The poll was intended for the newest members of the team because only they could give the information current enough. The onboarding process has changed over the years, so it is better to get state of the process which is used nowadays. Poll was sent to three people ranging from 3 years of work experience to 6 months. Most of the questions were open for free speech and some were fixed to yes/no answers.

The purpose of the internet poll was to get a picture of how different individuals see the onboarding process at the current time. The perception of the onboarding can be good, bad or something in between. Answers, were those good or bad, are taken into notice

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when developing a revised onboarding plan. The questions can be found in Appendix 1.

Key findings from the internet poll can be found in Table 8.

Table 8. Key findings from the internet poll.

Key findings

1 None of the new recruits had personalized onboarding plan

2 All the employees who answered to the poll thought that the onboarding pro- cess was scheduled correctly

2 Only half got direct input from the team manager during and after onboarding

3 Trainings and working community are great

4 Handling of the projects should have been taught better

5 All the employees that answered were happy with information they got from the goals of the job and role within the working community

6 The method of how the new employee got onboarded to his practical job differ- entiated: some had 3 weeks long training in another country, and some had more of a mixed bag of trainings.

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7 There were enough resources for the onboarding process

8 Mentor system was not used as it is defined within the company. All the em- ployees who answered said that they got instructions from different colleagues and they didn’t have specific mentor.

9 Improvement ideas: working as a couple is effective way of learning new things, common onboarding could be shorter period of the whole process, more prac- tical job-related onboarding should be in place.

To summarize the findings from the poll, it can be said that the working community is helpful, and trainings are good. All the informants from the BMS-team thought that the onboarding process was scheduled properly and there were enough resources. As a side note, there is a room for improvement also. The involvement of the Projects Team Manager was vague for the onboarding process. Only half of the informants got direct feedback during the onboarding process. Feedback should be mandatory from the team managers side. Trainings were not being scheduled for the onboarding process. Train- ings were not standardized for the whole process. Mentor system also was not utilized as intended in the company materials.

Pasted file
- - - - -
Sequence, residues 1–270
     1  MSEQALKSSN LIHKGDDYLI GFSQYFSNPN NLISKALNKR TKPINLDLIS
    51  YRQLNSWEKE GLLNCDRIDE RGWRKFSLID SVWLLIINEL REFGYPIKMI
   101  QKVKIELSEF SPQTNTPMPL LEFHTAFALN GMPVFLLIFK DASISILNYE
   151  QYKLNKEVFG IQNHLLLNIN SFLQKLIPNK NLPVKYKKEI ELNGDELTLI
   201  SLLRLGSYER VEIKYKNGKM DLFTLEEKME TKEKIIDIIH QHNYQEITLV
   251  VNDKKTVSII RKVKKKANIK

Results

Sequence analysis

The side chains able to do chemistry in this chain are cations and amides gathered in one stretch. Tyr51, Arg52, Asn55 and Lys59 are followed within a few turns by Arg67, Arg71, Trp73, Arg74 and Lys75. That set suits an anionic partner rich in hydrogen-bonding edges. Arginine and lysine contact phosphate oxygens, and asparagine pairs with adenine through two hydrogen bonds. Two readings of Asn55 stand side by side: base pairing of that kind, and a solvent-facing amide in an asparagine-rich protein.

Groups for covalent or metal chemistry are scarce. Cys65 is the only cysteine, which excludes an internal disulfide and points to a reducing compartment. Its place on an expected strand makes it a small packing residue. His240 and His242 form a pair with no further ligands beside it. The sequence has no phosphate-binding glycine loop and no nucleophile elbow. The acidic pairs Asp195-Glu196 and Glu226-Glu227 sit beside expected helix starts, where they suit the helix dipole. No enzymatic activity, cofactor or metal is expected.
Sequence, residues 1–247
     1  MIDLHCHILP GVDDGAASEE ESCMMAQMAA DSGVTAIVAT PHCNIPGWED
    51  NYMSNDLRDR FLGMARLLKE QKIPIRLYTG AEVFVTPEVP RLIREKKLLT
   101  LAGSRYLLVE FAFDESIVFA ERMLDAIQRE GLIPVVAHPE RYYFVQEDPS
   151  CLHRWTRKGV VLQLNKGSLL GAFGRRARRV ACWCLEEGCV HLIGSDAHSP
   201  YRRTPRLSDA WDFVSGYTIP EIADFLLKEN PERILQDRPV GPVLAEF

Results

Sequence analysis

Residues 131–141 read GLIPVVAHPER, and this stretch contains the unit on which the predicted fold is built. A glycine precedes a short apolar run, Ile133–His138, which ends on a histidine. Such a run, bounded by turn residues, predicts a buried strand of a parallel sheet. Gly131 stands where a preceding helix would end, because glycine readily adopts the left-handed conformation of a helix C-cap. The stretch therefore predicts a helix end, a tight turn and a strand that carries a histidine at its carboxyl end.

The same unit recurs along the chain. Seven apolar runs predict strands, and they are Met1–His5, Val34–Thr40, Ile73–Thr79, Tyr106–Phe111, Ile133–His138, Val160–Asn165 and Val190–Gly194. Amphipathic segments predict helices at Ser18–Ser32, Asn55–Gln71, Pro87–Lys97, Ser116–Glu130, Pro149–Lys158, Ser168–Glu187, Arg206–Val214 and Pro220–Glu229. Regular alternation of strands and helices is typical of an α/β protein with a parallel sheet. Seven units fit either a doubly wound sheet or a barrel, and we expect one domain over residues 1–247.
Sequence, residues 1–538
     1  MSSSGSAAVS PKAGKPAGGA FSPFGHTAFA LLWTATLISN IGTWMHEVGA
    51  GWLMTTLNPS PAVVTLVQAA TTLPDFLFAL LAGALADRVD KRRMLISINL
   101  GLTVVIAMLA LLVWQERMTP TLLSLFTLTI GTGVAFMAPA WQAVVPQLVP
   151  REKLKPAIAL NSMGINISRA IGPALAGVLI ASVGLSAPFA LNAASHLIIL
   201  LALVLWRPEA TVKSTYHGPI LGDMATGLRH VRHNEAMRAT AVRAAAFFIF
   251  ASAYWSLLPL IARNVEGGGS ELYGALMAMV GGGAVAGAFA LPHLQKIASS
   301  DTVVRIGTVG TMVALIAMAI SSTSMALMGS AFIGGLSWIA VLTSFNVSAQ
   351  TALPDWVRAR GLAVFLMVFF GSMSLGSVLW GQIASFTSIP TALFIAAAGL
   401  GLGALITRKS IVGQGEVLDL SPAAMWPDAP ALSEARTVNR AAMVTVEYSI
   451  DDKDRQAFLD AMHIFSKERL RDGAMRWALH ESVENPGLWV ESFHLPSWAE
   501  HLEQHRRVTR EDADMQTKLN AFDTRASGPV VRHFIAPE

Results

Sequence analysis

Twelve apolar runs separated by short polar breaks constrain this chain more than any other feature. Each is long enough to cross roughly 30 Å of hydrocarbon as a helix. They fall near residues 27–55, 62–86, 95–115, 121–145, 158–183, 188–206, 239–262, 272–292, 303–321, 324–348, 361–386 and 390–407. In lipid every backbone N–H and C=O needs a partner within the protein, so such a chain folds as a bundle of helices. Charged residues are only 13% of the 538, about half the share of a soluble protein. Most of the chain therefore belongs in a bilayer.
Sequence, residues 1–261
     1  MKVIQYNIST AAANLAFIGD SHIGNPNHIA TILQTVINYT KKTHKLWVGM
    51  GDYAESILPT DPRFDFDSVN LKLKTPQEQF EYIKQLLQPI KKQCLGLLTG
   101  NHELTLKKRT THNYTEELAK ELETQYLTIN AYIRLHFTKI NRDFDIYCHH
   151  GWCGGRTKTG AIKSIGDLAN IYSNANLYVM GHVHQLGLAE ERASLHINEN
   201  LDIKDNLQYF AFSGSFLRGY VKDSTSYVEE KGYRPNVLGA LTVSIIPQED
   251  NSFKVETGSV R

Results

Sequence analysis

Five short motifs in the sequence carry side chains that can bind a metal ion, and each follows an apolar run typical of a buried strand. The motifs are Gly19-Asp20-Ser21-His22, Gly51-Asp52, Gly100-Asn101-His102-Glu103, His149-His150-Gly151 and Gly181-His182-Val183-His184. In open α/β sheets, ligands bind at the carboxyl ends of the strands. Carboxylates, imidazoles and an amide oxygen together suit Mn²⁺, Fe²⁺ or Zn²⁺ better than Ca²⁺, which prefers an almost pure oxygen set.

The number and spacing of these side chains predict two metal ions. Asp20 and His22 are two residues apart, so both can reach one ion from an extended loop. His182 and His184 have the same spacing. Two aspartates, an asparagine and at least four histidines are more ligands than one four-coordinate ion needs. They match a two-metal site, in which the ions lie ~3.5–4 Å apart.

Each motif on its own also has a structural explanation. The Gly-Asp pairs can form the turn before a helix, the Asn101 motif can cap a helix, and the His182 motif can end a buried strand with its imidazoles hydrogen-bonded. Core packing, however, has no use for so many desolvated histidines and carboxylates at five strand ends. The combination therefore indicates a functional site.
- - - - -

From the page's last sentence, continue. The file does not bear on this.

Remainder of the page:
Good improvement ideas were presented. Working with a couple or a more senior col- league was identified as an effective way of learning the job specific tasks. Also, there should be more focus in the practical job-related tasks rather than general speak about the company.

4.4 Interview with the Project Teams Manager

The main goal for the interview was to get a vision what is included in the current onboarding process. The interview was conducted in a non-formal way without prefixed questions. Interesting points came up in the interview.

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The current process was mapped and shown in Figure 6.

Figure 6. Flow chart for the current onboarding process

As seen from Figure 6, the onboarding process is goal-oriented and structured only for the first three days. After this the employees usually help more senior colleagues with their projects and within month or two, they get their own project. Also, the new employ- ees get random parts of projects to handle.

What was found out also was that there is no congruent onboarding process throughout the organization for the BMS-team around Finland.

“Practices for the onboarding process differentiates throughout different of- fices” -Projects Team Manager

From the interview also came out that the team manager does not really have allocated time for the tracking of the onboarding process. Sometimes there’s an interview after few months and sometimes there is not.